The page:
Achieving Specialty Competency for Clinical Nurse Specialists

September 2013

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The National Association of Clinical Nurse Specialists (NACNS) strongly supports the continuation of specialty practice education for the Clinical Nurse Specialist (CNS). Specialty practice is the principal element and the hallmark of this advanced practice registered nurse (APRN) role and must be maintained in the context of the new population-based licensure model articulated in the Consensus Model for Advanced Practice Registered Nurse Regulation: Licensure, Accreditation, Certification and Education (APRN Consensus Model).

NACNS believes that in addition to aligning CNS education, certification and licensure to be consistent with the APRN Consensus Model, CNSs must also acquire sufficient knowledge and skills in a specialty. With the adoption of the APRN Consensus Model by the state, the CNS APRN roles will be licensed based on population and will practice according to the competencies identified for population, role and their identified CNS specialty.

The APRN Consensus Model does not include regulation at the specialty level and is silent on strategies for achieving specialty competencies for the CNS. As the only professional organization representing CNSs regardless of specialty, NACNS recognizes its right and responsibility to set forth recommendations for continuing CNS specialty practice education and to ensure specialty practice occurs within the context of graduate education. The recommendations presented herein are intended to guide the academic and practice communities in implementing the educational essentials outlined in the APRN Consensus Model in conjunction with specialty practice content and experiences. NACNS invites continued dialogue with stakeholders on the importance of and the challenges to ensuring that the unique contributions of specialization within CNS practice are included through graduate education, professional certification and operationalization of CNS specialty in all practice settings.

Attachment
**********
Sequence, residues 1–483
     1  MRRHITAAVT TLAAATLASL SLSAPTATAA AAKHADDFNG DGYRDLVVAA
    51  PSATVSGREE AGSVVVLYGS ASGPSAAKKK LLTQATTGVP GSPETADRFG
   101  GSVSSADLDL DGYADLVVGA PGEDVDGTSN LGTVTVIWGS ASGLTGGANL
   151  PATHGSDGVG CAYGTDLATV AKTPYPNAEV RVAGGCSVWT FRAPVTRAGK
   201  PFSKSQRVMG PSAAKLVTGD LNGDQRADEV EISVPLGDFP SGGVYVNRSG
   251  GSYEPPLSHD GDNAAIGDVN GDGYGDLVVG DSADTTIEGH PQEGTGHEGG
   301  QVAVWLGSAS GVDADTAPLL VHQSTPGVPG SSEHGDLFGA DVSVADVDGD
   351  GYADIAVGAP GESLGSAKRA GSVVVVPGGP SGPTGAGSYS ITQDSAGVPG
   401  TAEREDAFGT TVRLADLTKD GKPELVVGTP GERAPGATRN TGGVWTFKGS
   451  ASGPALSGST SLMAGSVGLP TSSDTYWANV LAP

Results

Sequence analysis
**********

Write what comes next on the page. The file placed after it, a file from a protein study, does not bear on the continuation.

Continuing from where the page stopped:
At present, many CNS educational programs are making revisions to align with the requirements specified in the APRN Consensus Model to include role and population content, physiology/pathophysiology, physical assessment and pharmacology courses, and a minimum of 500 supervised clinical practice hours. In addition to one’s practice within population foci, specialty education can provide further depth within one’s practice.

Therefore, options must be made available to support achievement of specialty practice competencies. Lacking research or other evidence demonstrating the best educational strategies for achieving population and specialty education of the CNS, the following options, based on expert opinion, are recommended.

Options for Obtaining Specialty Content and Practice Competencies